Well-dressed heroines


I have to admit, I’ve got nothin’ for my post today. I couldn’t come up with one single topic that was anything but totally boring. Maybe it’s the heat. It seems like at the end of summer, when it’s still hot (or very hot, as it is here–the temps have been in the triple digits for over two months straight now), and I’m longing for Fall but it’s nowhere in sight, I just get very lazy. It’s hard to concentrate on research and writing and work. One thing I’ve done far too much of in the last few days (okay, weeks) is read fashion magazines. I’m lusting for fall tweeds and boots and those cute cropped jackets, for dark lipstick and that elusive bottle of Chanel Black Satin nail polish (my new obsession).

So, I decided not to fight against my shallow current but go with it for this week’s post. I started wondering–who are some of the best-dressed women in literature? Some of the best descriptions of clothes and how they help define the womens’ characters? My method here was highly scientific–I scanned my bookshelves and pulled down books that I remembered as having some lovely fashions in them. Here’s what I found:

–Linda from Nancy Mitford’s The Pursuit of Love: Not just when she went to Paris and hooked up with Fabrice, who bought her that fab French wardrobe (“Linda had never before fully realized the superiority of French clothes to English. In London she had been considered exceptionally well-dressed…she now realized that never could she have had, by French standards, the smallest pretensions to chic”), but when she was a young deb, too. “Linda had one particularly ravishing ballgown made of masses of pale gray tulle down to her feet. Most of the dresses were still short that summer and Linda made a sensation whenever she appeared in her yards of tulle, very much disapproved of by Uncle Matthew, on the grounds that he had known three women burnt to death in tulle ball-dresses.”

–And Rose, Cassandra’s sister, in Dodie Smith’s I Capture the Castle (one of my favorite books from adolescence): Later Rose gets engaged to Simon (the object of Cassie’s crush), and has a vast and stylish trousseau, but I loved the girls’ early efforts, when they lived in “romantic” poverty. In an effort to make their clothes look new, they dye them all green, and Rose has their stepmother’s cast-off teagown, “it had been a faded blue, but dyed a queer sea-green…” I pictured it as a sort of tie-dyed mermaid dress!

–Flora, from Stella Gibbon’s Cold Comfort Farm: “Flora’s own dress was in harmonious tones of pale and dark green. She wore no jewels, and her long coat was of viridian velvet…Flora knew she did not look as beautiful as Elfine, but then she did not want to. She knew that she looked distinguished, elegant, and interesting. She asked for nothing more.” (In the great film adaptation, Flore wore in this scene not green but a sort of metallic-gold lace dress. Elfine still wore white satin, though)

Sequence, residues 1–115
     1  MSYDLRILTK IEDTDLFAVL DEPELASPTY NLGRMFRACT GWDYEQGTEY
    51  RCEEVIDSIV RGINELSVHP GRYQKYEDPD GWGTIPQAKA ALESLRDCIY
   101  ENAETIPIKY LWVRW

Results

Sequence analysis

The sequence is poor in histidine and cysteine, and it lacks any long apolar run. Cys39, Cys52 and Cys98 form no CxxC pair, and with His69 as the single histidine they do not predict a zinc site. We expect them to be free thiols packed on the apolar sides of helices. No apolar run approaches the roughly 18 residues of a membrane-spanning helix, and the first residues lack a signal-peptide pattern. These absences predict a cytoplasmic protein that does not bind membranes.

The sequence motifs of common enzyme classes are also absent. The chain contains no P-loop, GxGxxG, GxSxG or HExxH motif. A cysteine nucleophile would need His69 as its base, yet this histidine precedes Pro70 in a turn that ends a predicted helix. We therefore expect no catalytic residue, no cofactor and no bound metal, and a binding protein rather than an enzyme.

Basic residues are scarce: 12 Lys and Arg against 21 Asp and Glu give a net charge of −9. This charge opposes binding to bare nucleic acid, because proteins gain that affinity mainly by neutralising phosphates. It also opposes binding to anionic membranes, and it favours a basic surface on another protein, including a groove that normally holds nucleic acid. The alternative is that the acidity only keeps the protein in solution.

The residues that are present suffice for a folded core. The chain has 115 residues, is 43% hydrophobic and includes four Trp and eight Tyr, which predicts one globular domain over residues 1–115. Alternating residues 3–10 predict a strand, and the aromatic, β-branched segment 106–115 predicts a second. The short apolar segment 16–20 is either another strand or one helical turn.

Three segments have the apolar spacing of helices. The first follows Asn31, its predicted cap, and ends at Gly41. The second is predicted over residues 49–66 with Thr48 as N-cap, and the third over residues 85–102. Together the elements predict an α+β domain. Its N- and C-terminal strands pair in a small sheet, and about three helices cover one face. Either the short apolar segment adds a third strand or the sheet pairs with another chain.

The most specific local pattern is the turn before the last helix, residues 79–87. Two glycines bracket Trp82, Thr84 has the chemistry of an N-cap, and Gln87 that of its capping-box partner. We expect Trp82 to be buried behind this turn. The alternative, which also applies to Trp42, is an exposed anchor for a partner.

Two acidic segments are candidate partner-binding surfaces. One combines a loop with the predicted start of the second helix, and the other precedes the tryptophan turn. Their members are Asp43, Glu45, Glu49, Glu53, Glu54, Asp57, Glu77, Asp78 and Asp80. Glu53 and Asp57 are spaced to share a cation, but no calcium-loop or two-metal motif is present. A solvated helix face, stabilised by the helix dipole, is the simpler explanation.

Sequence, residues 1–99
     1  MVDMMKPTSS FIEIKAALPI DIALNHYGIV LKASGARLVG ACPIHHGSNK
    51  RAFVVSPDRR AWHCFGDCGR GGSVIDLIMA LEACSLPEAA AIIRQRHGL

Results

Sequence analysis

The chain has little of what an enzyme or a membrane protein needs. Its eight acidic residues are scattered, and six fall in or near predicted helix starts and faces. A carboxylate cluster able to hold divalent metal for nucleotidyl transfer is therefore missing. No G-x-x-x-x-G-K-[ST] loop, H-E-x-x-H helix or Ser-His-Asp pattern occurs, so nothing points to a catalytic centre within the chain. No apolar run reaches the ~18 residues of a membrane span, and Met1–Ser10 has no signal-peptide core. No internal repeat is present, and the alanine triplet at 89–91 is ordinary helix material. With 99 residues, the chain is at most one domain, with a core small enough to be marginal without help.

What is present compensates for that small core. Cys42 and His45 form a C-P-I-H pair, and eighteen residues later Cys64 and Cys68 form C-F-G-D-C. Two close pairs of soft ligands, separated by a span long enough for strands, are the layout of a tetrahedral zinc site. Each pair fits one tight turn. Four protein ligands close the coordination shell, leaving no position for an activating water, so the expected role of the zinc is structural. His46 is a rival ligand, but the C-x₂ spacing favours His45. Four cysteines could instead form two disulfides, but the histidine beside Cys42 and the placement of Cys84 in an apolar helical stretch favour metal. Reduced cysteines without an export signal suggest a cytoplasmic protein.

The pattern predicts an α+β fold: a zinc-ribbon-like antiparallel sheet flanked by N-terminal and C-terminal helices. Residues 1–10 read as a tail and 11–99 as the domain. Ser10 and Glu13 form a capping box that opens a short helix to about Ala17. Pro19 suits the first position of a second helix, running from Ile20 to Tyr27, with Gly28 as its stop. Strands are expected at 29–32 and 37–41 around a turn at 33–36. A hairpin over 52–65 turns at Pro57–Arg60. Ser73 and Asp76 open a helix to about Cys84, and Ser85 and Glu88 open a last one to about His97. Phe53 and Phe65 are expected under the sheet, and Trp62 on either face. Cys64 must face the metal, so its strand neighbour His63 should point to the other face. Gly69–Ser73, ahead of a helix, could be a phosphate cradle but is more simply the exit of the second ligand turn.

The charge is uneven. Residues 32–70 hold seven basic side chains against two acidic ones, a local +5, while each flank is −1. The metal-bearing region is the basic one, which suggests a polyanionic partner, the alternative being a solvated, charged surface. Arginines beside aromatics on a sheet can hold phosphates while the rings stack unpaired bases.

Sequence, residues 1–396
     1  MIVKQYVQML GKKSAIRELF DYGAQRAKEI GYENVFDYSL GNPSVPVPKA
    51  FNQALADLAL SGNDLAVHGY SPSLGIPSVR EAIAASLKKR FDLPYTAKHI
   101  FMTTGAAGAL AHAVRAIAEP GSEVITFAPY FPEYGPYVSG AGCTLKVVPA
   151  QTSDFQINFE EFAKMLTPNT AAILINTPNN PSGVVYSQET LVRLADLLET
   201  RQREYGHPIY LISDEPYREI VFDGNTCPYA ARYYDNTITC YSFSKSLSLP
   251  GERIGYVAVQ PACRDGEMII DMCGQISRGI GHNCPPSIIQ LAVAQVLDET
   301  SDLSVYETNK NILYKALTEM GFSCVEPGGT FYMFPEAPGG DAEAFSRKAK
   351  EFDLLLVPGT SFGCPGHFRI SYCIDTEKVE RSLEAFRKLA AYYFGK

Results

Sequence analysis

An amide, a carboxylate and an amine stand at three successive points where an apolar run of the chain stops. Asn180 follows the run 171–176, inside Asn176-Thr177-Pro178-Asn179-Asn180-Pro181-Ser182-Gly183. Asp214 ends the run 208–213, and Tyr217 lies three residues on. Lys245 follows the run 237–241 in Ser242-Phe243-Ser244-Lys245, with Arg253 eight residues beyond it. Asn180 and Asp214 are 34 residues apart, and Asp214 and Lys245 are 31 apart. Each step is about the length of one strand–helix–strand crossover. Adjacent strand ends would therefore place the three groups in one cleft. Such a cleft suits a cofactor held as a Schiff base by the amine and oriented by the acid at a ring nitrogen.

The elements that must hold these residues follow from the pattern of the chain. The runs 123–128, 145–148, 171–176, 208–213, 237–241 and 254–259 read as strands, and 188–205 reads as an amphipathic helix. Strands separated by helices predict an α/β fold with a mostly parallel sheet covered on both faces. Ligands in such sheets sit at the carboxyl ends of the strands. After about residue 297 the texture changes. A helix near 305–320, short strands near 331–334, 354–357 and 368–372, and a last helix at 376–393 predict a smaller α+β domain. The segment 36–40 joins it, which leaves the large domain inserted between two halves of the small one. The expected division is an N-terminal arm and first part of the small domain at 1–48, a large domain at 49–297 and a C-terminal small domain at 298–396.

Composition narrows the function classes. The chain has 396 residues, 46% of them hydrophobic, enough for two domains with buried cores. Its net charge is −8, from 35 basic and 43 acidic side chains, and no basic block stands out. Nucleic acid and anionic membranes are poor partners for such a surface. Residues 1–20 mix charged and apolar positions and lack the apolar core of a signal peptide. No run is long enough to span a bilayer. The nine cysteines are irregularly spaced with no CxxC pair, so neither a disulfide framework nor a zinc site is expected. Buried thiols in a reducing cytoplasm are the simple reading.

–Of course, Holly Golightly from Truman Capote’s Breakfast at Tiffanys: “…she wore a slim cool black dress, black sandals, a pearl choker…there was a consequential good taste in the plainess of her clothes that made her, herself, shine so”

–Anna in Tolstoy’s Anna Karenina: “Anna was not in lilac, as Kitty had so urgently wished, but in a black, low-cut velvet gown…The whole gown was trimmed with Venetian lace. In her black hair was a little wreath of pansies, and there were more of the same in the black ribbon winding through the white lace encircling her waist…Now she {Kitty} understood that Anna could not have been in lilac, and that her charm was just that she always stood out from her attire, and that her dress could never be conspicuous on her. And the black dress, with its sumptuous lace, was not conspicuous on her; it was only the frame, and all that was seen was she–simple, natural, elegant, and at the same time gay and animated”

–And, from Girl of the Limberlost, Edith Carr (this was another favorite book when I was growing up, and, even though she wasn’t the heroine, I lusted after Edith’s ballgown at her engagement party. She bases her dress after a rare moth, the Yellow Imperial, that serves as a major plot point in the story): “…she stood tall, lithe, of grace inborn, her dark waving hair piled high and crossed by gold bands studded with amethysts and at one side an enameled lavender orchid rimmed with diamonds that flashed and sparkled. The soft yellow robe of lightest weight velvet fitted her form perfectly, while from each shoulder fell a great velvet wing lined with lavender, and flecked with embroidery of that color in imitation of the moth. Around her throat was a wonderful necklace and on her arms were bracelets of gold set with amethyst and rimmed with diamonds.”

And these are just a few. I left out Gone With the Wind, Wuthering Heights, and lots more. I didn’t even include any romances, because there are just too many (though a favorite is the green dragonfly-embroidered gown in For My Lady’s Heart, and the Maeve costume in Megan McKinney’s Lions and Lace). What are some of your favorite fashions in books, or stylish heroines?

About Amanda McCabe/Laurel McKee

Writer (as Amanda McCabe, Laurel McKee, Amanda Carmack), history geek, yoga enthusiast, pet owner!
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